Another trick, though not related to phishing or identity theft, but email harvesting is when mails are sent out for you to join a good cause, pass on to others, win a prize etc. It is common on Whatsapp and email. You get a chain mail asking you to forward to others. For example, Bishop A’s TV broadcast is about to be banned in the US and they need signatures to overturn the ban (they need Nigerian signatures to overturn a pending US ban?). Apple wants to give out a free phone, please forward to your friends. As you forward the mail to your contacts, one smart Alec is collecting email addresses free of charge for sale to marketers.
Sometimes the thief is someone in your vicinity – someone who can look over your shoulder to memorise your details as you type them in. The person then accesses to your system when you are not on seat. I have had to change my phone passwords severally as my children memorise my login. I often catch them playing with my phone which was supposedly locked. If they were thieves, they would have had access to my account balance information through credit alerts etc. Often we leave our computers for others to make use of, without creating a separate guest profile for such; hence they have access to our private information. They can easily download our passwords from the browser before we return.
Many people do not clear their browsers and files when they sell, give away or send their computer for repairs. They give it away with their login details stored in their browsers as well.
Take measures to protect yourself
One basic way to protect yourself is to reduce the amount of idle cash in your account. Save and invest first before spending. Don’t leave large amount of money in your account on idle mode for long. It should be working for you somewhere. When you must hold some cash for a period, you can leave it in a savings account without internet banking or ATM card linked to it. That means you can only access that account via the banking hall. This is inconvenient and old school but protects you from identity thieves online. The person has to physically impersonate you to access the account.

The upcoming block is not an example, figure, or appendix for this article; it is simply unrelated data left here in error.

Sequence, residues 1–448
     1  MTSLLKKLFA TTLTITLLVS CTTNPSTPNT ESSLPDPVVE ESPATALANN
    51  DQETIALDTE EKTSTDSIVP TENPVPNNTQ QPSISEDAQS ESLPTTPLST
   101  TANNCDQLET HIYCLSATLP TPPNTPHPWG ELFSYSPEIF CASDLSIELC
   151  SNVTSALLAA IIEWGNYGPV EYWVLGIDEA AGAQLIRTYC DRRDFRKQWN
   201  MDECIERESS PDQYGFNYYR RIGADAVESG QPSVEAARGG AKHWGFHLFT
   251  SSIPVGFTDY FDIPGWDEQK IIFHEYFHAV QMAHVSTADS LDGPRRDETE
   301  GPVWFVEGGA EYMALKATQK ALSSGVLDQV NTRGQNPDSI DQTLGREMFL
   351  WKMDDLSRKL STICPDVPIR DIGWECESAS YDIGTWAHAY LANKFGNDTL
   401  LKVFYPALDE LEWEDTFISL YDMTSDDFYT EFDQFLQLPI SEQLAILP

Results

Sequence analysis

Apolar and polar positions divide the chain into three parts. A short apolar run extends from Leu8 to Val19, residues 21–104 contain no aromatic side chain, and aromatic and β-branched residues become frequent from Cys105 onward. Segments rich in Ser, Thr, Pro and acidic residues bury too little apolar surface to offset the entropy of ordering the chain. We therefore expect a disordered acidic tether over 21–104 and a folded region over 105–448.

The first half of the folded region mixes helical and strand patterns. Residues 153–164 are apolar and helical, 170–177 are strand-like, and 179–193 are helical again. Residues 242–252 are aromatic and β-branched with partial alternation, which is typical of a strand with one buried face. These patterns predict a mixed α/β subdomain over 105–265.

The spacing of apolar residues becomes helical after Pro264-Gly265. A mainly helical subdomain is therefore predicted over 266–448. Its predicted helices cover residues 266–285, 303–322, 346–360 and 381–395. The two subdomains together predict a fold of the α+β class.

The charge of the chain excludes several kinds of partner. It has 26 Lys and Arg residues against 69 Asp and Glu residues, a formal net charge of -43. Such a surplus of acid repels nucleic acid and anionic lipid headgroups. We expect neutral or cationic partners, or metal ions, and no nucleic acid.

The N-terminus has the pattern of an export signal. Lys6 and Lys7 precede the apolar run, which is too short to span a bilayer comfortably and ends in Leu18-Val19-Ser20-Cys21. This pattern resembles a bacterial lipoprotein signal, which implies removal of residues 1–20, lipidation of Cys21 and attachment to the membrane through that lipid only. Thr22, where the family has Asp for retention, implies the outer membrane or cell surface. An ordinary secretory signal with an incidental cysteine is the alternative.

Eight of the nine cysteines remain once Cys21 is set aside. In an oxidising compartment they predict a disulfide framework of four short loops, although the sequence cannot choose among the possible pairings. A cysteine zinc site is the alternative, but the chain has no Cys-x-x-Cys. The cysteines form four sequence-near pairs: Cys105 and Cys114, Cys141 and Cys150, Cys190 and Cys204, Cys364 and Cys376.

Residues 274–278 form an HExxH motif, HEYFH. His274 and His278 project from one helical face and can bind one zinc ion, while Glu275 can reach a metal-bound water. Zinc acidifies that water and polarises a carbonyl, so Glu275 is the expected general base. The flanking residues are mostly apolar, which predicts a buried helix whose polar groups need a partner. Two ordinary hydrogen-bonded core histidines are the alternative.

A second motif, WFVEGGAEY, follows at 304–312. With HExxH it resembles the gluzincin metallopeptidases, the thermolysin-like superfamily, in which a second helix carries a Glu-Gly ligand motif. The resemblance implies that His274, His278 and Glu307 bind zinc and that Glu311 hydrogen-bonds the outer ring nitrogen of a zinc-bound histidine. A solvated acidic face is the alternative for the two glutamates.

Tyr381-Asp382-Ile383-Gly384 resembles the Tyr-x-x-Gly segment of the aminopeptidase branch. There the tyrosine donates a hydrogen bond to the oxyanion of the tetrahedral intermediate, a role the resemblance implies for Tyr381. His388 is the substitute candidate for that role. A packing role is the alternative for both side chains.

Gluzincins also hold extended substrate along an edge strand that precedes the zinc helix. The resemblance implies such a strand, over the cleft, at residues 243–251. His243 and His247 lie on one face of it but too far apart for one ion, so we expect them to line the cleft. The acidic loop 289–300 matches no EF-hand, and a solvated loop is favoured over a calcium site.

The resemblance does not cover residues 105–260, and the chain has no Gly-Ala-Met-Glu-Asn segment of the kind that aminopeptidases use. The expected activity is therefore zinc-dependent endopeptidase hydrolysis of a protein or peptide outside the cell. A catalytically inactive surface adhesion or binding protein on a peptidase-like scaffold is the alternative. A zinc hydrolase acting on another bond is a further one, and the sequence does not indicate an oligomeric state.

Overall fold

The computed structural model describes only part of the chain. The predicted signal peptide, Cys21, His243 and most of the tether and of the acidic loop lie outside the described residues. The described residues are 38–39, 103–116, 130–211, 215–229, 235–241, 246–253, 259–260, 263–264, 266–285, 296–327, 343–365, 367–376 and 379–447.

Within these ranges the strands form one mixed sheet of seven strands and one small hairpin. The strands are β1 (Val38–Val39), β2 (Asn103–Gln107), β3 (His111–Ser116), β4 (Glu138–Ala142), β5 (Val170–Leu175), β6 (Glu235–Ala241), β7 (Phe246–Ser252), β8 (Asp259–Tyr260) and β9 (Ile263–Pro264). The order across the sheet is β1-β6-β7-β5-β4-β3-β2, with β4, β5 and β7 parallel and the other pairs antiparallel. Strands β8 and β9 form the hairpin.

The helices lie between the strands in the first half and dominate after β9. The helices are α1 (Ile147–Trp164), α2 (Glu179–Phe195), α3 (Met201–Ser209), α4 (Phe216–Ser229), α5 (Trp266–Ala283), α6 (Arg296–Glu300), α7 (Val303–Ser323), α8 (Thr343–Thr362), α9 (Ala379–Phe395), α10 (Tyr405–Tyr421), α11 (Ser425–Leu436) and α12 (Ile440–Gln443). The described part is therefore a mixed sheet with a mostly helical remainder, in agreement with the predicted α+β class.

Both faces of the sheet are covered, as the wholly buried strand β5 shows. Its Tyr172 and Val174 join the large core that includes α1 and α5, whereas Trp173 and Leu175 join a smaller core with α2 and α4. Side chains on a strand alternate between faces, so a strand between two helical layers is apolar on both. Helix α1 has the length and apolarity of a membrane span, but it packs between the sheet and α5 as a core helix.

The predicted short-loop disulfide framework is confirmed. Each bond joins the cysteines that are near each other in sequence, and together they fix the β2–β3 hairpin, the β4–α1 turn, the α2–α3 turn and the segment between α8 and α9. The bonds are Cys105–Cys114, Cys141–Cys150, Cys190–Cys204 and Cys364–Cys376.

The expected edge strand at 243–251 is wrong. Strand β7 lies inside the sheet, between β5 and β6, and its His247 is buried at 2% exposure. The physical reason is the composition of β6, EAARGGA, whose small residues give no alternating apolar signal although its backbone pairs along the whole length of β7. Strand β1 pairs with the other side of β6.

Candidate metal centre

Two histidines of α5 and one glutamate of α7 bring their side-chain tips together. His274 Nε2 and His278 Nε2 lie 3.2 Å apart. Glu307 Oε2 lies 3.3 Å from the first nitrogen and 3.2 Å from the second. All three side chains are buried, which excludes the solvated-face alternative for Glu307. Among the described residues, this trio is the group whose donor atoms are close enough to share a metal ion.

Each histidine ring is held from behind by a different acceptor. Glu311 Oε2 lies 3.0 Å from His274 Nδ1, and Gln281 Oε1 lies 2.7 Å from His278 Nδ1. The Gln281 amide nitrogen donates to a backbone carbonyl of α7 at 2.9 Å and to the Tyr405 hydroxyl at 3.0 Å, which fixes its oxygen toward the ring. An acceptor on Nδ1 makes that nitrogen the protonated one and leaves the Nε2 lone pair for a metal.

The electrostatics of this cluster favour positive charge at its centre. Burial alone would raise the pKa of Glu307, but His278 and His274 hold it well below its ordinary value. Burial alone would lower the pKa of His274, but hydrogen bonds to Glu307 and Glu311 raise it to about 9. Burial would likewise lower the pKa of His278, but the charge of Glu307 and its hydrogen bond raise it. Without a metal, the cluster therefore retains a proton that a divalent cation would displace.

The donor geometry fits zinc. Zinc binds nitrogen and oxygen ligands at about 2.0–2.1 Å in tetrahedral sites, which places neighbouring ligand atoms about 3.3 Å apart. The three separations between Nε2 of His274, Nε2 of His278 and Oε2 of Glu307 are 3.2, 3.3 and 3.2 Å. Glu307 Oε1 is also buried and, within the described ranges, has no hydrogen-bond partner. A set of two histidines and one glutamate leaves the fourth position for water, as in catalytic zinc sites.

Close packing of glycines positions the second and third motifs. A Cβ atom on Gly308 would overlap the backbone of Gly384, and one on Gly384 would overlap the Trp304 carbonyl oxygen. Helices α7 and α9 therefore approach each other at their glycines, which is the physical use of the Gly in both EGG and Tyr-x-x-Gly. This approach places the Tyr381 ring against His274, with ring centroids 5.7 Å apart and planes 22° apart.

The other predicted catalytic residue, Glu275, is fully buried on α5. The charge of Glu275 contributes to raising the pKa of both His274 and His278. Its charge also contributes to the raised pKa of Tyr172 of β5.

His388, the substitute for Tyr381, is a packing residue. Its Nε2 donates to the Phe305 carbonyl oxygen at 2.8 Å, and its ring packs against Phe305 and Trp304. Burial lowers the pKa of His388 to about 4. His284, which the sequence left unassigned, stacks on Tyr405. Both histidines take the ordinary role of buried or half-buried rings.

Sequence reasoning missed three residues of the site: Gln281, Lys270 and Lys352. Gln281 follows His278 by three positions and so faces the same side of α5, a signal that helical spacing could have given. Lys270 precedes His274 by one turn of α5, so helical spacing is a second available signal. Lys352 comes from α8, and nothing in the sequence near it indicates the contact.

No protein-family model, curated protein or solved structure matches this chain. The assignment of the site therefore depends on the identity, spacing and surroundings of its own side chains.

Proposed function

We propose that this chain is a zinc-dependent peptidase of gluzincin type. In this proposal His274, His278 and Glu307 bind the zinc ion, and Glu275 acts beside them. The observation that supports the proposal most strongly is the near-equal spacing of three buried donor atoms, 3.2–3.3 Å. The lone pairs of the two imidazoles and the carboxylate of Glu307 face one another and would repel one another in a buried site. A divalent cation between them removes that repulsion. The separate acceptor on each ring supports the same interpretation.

Another way is to enable pin (pass code or secure code) for online transactions (different from your normal pin). Most foreign websites only ask for card number, expiry date and security code. Few ask for billing address and post code. This means anyone can copy your card details and go shopping online on your behalf. Online pin adds another level of protection. However, as stated earlier, someone can steal your passwords from your browser through spyware. That is why it is critical to invest in a good antivirus and keep it up to date. Some banks require a one-time password which is sent to your phone by SMS in order to complete transactions on a 3rd party website. That way, even when someone obtains your details, he still cannot use your card without your phone. The same principle applies with tokens for online account transfers.
These are just some of the ways your details can be compromised online and ways you can protect yourself. There are syndicates that operate offline – steal your wallet or trap your ATM card in the machine etc. You need to remain up to date on how to protect yourself from these threats. Happy holidays.
- financialfreedominspiration [firstname.lastname@example.org]